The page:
Galileo Galilei: a Biography

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Galileo Galilei

Galileo Galilei, born Febuary 15th 1564 and died January 8th 1642, was a major contrubitor to science during the Scientific Revolution. As a physicist, mathematician, astronomer, and philosopher, his contributions include improvements to the telescope and consequent astronomical observations and support for heliocentrism. He also conducted experiments with pendulums, establishing the relationships between length and period. He also applied these principles to gravity, determining that objects fall at the same speed regardless of their comparative masses. His persistence in investigating and testing natural laws laid the foundation for the modern experimental method, which is based on conducting tests and observing results. He is now known as the “Father of Modern Science”.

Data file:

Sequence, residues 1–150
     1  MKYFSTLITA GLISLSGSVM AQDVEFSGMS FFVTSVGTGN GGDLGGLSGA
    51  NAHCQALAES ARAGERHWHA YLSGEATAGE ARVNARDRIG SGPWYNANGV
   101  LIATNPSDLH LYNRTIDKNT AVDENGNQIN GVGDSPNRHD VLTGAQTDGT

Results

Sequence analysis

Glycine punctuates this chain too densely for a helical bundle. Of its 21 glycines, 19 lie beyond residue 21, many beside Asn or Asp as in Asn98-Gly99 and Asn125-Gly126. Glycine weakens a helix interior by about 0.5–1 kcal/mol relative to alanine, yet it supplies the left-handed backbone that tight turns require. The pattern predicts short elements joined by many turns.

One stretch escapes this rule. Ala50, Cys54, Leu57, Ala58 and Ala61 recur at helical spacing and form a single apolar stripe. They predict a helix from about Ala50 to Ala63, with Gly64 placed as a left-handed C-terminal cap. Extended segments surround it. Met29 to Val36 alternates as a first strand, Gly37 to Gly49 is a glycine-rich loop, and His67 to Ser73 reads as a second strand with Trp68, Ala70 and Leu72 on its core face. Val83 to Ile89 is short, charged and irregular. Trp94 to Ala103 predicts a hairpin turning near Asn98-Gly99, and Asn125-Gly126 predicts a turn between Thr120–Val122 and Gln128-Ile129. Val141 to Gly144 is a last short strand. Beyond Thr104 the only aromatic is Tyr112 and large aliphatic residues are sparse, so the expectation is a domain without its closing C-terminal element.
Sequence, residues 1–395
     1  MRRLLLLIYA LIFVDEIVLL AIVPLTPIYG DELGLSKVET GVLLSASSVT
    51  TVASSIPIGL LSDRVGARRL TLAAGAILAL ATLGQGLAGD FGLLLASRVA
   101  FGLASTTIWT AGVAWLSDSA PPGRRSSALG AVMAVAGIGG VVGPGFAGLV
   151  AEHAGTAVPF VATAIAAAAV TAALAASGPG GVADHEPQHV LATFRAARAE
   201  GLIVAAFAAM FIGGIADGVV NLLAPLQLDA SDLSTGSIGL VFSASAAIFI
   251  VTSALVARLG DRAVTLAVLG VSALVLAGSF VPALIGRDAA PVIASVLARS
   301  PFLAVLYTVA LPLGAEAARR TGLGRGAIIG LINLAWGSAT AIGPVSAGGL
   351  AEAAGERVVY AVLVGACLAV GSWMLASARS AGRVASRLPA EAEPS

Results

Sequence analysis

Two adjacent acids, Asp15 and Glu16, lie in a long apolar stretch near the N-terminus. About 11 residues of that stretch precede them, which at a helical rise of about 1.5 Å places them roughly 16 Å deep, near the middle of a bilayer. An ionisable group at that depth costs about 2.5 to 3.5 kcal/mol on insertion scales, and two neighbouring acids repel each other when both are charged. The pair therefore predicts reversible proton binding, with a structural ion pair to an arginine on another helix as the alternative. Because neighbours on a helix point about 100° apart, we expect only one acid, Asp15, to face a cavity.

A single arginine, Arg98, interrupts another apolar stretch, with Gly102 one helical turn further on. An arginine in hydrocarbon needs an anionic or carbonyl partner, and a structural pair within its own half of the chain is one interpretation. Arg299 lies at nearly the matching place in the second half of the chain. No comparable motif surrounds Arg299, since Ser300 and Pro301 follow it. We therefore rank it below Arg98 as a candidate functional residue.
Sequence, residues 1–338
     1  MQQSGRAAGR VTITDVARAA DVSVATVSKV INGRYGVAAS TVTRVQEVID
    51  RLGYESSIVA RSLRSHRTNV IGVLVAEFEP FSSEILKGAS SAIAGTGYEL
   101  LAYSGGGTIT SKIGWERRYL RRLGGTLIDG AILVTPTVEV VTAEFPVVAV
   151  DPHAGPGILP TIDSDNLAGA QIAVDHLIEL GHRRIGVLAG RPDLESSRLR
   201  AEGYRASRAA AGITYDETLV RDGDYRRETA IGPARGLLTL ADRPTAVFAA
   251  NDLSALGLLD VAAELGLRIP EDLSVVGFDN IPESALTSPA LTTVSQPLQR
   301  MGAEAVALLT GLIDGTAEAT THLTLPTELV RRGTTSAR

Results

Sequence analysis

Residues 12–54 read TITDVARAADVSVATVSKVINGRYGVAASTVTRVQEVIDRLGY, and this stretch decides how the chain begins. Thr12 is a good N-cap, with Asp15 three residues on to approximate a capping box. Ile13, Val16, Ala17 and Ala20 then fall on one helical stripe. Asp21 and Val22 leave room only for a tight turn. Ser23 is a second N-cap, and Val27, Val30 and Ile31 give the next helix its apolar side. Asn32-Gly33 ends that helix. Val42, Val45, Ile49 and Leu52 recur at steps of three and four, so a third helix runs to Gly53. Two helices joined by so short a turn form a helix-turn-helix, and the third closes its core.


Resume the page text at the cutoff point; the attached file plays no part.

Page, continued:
One of his most famous inventions is the hydrostatic balance. Using this device, he could accurately weigh objects both in water and the air. Galileo got the idea from the "Eureka" story about Archimedes and the King of Syracuse's crown in which Archimedes had to prove if the king's crown was made of real gold or not. By submerging an item in the water of the device, he was able to precisely measure its volume by determining the volume of water displaced. Another invention of his was the thermoscope, a precursor to the thermometer. Although it showed changes in the weather, it did not measure it in quantities. Adding a scale to a thermoscope creates a thermometer, which was done in 1701 by Ole Christensen Romer with his Romer scale.

 Galileo also expanded upon the basic telescope, an instrument for viewing distant objects, to make it into a highly functional tool by creating the refracting telescope. He was the first to use the telescope to study the skies, enabling him to make several important discoveries. For instance, in 1610 he found that the Moon shines with light that is reflected from the Sun and that the Moon's surface is mountainous. He also discovered sunspots...
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